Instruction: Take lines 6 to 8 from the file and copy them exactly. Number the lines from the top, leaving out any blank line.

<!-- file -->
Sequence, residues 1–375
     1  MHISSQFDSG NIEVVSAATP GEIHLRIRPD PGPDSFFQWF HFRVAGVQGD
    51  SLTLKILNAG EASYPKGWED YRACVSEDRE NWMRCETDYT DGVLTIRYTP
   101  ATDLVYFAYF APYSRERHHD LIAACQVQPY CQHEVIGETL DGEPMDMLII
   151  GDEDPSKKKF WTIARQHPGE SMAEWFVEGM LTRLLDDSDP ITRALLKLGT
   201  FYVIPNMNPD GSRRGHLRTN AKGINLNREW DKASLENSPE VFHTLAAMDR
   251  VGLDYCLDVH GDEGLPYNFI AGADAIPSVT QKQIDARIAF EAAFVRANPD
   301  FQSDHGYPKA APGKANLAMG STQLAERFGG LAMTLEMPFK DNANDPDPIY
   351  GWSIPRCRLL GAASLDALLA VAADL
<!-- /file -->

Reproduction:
   201  FYVIPNMNPD GSRRGHLRTN AKGINLNREW DKASLENSPE VFHTLAAMDR
   251  VGLDYCLDVH GDEGLPYNFI AGADAIPSVT QKQIDARIAF EAAFVRANPD
   301  FQSDHGYPKA APGKANLAMG STQLAERFGG LAMTLEMPFK DNANDPDPIY